2,000 seedlings were planted for the 2017 Jimilimé campaign.

Another campaign has begun in parallel for Gliricidia. This medium-sized tree is sometimes used in distillation, but has various other uses: as hedges, as animal feed, to improve soil fertility and to shade crops. Hence, this side-project will be integrated into “Mwiri Wangu”.

Integration with the village

The project manager believes the project to be on track: “We are working with serious, competent plant breeders who aren’t afraid to ask for advice. The people who have worked with us seem happy with the follow-up. However, we encountered some difficulties in meeting farmers and scheduling appointments.” Moving forward, it’s about keeping participants who are already affected mobilised and increasing the number of reforested plots and participants getting involved. Dahari already has a lot of experience in community mobilisation, but this requires significant effort for newcomers to the team and a village. One of the technical animators, Rachida André, admits: “Before, we had trouble meeting people. The time we spent in the village did not necessarily match up with their availability. Now, we stay overnight with a host family, which allows us to integrate better into the village. People sometimes even come to meet us which allows us to explain what we are doing.

Another problem is other reforestation projects in the area which do not necessarily use the same methods, e.g. paying people to plant while “Mwiri Wangu” is based on the involvement of the plot owners in the planting of trees which provides a better chance of these trees being protected and standing the test of time.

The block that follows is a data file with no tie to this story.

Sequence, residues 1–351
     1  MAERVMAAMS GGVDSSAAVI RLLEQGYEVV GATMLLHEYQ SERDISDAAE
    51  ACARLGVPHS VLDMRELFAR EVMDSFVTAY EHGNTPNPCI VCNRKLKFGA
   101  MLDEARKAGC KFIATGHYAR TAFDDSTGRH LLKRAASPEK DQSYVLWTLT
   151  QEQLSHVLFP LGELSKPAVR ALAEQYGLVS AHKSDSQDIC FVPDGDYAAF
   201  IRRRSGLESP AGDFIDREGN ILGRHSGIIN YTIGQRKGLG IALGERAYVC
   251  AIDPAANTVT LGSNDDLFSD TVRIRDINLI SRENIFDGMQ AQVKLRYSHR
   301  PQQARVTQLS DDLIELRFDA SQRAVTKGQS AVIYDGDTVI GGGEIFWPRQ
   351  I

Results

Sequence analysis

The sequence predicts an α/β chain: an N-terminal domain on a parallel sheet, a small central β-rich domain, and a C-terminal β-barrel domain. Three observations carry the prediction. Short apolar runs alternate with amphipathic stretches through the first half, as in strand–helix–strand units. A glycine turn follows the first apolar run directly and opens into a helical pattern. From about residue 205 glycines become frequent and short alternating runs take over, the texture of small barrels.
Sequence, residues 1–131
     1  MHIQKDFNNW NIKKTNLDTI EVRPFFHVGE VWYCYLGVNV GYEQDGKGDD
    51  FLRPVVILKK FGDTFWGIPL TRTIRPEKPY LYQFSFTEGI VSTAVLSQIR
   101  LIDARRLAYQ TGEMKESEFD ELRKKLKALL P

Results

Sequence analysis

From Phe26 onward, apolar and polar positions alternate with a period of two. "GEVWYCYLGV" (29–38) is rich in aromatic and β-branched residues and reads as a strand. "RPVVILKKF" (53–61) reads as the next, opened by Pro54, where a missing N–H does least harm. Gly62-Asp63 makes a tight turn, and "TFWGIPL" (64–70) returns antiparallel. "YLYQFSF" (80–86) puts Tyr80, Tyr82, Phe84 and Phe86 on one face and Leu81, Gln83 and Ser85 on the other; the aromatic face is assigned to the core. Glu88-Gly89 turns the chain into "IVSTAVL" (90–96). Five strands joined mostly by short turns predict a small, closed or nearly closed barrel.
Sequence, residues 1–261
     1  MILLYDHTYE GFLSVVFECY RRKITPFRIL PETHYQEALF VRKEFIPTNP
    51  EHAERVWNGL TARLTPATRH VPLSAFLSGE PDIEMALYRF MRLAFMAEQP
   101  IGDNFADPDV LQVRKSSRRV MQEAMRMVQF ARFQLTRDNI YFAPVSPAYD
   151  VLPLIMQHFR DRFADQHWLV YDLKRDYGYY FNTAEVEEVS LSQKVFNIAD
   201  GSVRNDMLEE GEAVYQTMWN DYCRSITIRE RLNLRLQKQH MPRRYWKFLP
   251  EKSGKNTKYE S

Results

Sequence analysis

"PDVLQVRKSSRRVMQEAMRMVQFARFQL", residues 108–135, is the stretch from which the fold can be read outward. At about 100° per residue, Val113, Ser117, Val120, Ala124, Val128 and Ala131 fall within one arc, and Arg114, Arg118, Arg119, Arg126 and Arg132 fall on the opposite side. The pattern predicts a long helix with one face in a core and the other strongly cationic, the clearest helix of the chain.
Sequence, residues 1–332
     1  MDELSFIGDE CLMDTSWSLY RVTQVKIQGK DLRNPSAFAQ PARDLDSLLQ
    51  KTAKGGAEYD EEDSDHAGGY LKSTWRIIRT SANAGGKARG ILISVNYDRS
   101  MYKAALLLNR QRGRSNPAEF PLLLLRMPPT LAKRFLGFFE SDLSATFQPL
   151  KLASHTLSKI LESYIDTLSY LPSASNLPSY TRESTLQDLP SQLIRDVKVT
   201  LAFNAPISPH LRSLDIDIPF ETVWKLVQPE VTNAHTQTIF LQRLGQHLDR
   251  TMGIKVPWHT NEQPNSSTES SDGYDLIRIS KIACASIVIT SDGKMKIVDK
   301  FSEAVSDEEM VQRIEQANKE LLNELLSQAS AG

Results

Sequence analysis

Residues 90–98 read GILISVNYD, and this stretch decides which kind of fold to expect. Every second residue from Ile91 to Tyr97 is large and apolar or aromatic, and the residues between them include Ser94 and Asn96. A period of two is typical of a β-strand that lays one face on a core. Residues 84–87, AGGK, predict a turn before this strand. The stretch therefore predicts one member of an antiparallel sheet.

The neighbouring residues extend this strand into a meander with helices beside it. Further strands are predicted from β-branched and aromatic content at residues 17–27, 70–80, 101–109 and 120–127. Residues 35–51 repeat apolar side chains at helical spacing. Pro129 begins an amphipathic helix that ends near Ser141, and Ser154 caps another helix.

Beyond just fuel-wood, Chloé Curtet explains “ integrating trees into the agricultural landscape is a way of increasing production and thus income on a plot. The land situation is delicate (growing population, confined space) and agroforestry represents a way of improving this. One of the main difficulties people have is imagining themselves in the future. “But when it comes to trees, this foresight is essential. We need to start thinking about planning the plot and its development over time to ensure its proper management”. In order to achieve this, the team demonstrates the economic interest of trees to potential planters. “In 15 years, a mango tree can be cut or pruned to provide wood. In the meantime, it will provide revenue by producing fruit to sell, providing shade for livestock and wood (prunings) for cooking. A tree provides a multitude of services from planting until it is cut down.” In Jimilimé, the reforestation dynamic launched goes beyond just fuel-wood.

1 Set of local climate and soil characteristics